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Reviews / Ringing Strings – the future of fiddle music in safe hands

Shane Cook & The Woodchippers were joined on stage by Canadian fiddler James Stephens. Photos: Malcolm Younger/Millgaet Media

IF THE 2022 festival was the semi-skimmed version, due to lingering Covid restrictions, this year’s is definitely full fat, with the cream of folk musicians, both visiting and local, ready to entertain and delight audiences over the four day spree, writes Caroline McKenzie.

Ringing Strings was the title of Thursday night’s opening concert at Mareel, described as a celebration of fiddle music, and what a celebration!

The Shetland Fiddlers’ Society is now into its 60s but shows no signs of waning.   The group kicked off by reprising the very first set the fledgling society performed on its debut appearance at the 1960 Hamefarin and closed its opening spot with what we were told was us “watching history being made”.

It was the first time the fiddlers, as a group, had used the technique known as drawing the bass.  This last set really captured the essence of the society in preserving Shetland’s fiddle tradition; and what a great job they make of it.

Dirk Powell is a musician with roots in several traditions: eastern Kentucky, the Appalachians and Louisiana. His warm voice and personality; and the ease with which he swaps between fiddle, accordion, guitar and banjo make it easily apparent why he’s so highly respected on both sides of the Atlantic.

Dirk’s brought his daughter Amelia to perform with him this weekend. She’s steeped in the Cajun tradition of her famous grandfather Dewey Balfa, which was clearly demonstrated in her plaintive vocals on the Balfa Waltz and My Old Wagon: her rendition of Amythyst Kiah’s The Worst was pretty special, too.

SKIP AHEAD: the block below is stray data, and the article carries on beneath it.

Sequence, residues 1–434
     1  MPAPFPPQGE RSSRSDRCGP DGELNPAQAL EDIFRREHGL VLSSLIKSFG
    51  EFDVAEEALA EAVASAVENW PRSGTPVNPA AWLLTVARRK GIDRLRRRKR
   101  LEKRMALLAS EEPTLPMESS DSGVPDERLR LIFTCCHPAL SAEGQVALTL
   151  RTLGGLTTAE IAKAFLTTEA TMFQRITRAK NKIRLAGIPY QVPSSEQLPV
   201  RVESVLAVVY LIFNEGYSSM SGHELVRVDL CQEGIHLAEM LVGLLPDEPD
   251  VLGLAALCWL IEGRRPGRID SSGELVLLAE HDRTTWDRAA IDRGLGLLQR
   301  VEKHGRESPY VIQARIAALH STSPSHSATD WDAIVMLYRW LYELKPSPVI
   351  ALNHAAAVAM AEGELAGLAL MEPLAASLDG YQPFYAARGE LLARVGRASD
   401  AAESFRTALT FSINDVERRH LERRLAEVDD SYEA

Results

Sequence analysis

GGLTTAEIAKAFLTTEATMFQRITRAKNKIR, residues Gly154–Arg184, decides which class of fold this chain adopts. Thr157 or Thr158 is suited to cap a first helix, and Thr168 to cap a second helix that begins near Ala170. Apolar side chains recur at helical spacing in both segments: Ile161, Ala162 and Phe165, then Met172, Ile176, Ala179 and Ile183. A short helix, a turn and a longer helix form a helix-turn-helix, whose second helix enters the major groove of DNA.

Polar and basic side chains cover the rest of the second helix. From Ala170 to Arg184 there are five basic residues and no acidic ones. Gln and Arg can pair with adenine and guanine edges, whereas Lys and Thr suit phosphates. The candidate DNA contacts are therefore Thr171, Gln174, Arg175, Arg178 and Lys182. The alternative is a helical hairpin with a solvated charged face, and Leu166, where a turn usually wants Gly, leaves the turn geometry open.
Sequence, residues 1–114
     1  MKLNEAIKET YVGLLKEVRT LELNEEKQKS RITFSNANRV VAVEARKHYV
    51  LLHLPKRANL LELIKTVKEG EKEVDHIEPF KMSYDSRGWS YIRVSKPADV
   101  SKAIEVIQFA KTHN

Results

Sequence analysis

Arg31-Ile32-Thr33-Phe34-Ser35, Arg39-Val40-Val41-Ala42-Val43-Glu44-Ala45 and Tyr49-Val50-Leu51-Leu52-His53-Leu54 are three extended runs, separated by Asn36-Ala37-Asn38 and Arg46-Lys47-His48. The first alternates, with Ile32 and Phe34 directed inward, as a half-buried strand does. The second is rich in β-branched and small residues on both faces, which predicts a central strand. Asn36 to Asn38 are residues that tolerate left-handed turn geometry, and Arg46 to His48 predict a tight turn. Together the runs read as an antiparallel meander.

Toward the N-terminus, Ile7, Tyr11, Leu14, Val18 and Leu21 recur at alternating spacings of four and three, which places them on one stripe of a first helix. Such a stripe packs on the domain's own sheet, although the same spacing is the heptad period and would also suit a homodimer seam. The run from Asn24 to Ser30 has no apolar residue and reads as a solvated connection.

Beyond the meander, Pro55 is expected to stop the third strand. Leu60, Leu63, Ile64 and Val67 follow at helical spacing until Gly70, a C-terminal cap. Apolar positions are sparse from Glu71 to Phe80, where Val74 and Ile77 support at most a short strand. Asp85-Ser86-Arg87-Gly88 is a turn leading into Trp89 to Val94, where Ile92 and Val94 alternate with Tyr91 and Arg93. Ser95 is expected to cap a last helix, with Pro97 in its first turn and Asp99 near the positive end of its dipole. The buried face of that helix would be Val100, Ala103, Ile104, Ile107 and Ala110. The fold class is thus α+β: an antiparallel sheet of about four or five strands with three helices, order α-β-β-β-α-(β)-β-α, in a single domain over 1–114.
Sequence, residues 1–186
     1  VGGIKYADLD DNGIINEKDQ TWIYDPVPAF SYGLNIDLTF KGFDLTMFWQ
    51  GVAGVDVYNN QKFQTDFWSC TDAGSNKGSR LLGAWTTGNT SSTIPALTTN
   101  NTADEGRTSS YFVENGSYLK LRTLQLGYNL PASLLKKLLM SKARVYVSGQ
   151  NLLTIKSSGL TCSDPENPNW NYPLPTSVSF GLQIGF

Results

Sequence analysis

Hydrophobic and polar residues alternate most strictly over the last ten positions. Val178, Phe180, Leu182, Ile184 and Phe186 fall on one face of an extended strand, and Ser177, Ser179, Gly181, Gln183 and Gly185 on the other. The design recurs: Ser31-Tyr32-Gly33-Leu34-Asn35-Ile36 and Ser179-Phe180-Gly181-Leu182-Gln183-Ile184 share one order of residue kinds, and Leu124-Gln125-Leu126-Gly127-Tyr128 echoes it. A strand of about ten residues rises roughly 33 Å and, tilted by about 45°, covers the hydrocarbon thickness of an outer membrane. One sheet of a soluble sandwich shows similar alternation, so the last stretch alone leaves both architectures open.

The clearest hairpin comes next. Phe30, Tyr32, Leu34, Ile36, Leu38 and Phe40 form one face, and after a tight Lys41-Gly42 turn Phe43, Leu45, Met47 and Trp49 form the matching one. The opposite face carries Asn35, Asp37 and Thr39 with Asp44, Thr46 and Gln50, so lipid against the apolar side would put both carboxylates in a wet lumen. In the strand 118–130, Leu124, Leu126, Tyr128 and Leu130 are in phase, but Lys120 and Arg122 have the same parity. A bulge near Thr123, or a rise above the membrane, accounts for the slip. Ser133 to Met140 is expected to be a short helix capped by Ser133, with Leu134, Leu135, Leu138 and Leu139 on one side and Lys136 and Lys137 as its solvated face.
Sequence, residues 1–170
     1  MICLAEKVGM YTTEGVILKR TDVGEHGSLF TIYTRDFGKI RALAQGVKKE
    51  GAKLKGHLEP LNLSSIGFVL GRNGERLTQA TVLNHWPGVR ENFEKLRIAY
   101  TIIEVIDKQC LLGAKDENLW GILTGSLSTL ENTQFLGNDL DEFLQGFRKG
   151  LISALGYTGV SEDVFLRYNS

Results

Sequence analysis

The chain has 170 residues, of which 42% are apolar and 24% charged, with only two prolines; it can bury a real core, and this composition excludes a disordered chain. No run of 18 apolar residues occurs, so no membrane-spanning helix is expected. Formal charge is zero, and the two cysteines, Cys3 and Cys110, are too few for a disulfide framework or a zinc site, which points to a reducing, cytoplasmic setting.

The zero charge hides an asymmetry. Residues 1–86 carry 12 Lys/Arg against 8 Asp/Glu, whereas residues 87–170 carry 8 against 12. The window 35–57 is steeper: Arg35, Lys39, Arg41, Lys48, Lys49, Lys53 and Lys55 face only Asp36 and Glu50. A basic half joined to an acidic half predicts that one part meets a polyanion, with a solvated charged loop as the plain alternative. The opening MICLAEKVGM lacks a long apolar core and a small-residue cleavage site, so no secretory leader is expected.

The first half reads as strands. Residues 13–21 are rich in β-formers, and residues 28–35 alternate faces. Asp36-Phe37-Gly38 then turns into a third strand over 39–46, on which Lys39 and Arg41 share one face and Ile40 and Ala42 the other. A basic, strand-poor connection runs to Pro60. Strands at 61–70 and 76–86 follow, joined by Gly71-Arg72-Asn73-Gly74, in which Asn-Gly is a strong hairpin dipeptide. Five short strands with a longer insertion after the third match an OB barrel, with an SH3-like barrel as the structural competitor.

Joe Phillips taking double bass playing to new heights.

Dirk and Amelia were joined on stage by Sammy Lind and Nadine Landry of the Foghorn String Band; four musicians very much at home with each other, and making great music together,

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One of the highlights of any folk festival, for me, is the chance to catch an all-too-rare performance by Shetland’s own Bryan Gear. Accompanied by the peerless Violet Tulloch on piano, it is a joy to watch these two consummate musicians on stage together: whether it’s a trio of Judi Nicolson waltzes, a beautiful slow air from the pen of the late Ian Hardie, or a lively set of hornpipes, they make them shine.

Bryan’s Paganini-like virtuosity was highlighted in a tune he picked up from Danish fiddler Harald Haugaard at an earlier festival. Not one learned in a festival club stairwell, I suspect, but you never know!

Bryan and Violet were a tough act to follow, but the newly-crowned Shetland Young Fiddler of the year, Evie Williamson, carried it off, with aplomb.  Accompanied by her tutor, Eunice Henderson, Evie played her two winning sets from last weekend’s competition.  She may not have wanted to say much on stage, but her playing did the talking; and it told us that the future of Shetland fiddle music is in very safe hands.

The Canadian fiddle tradition is always a welcome presence at the folk festival, and this year it’s here in the form of Shane Cook and the Woodchippers, from Ontario.  This band brings a real high energy to the stage, with Shane himself on fiddle, Joe Phillips taking double bass playing to new heights and the step dancing wizardry of pianist Emily Flack and guitarist Kyle Waymouth, with Emily also showing off an amazing voice.

As if all that wasn’t enough to delight us, Shane brought Bryan and Violet back on for a set of Graham Townsend tunes.  This is surely one of the festival’s greatest assets – the forging of new musical connections. To see it happening to such great effect on the very first night of the festival sets a high bar for the rest of the weekend. Bring it on!


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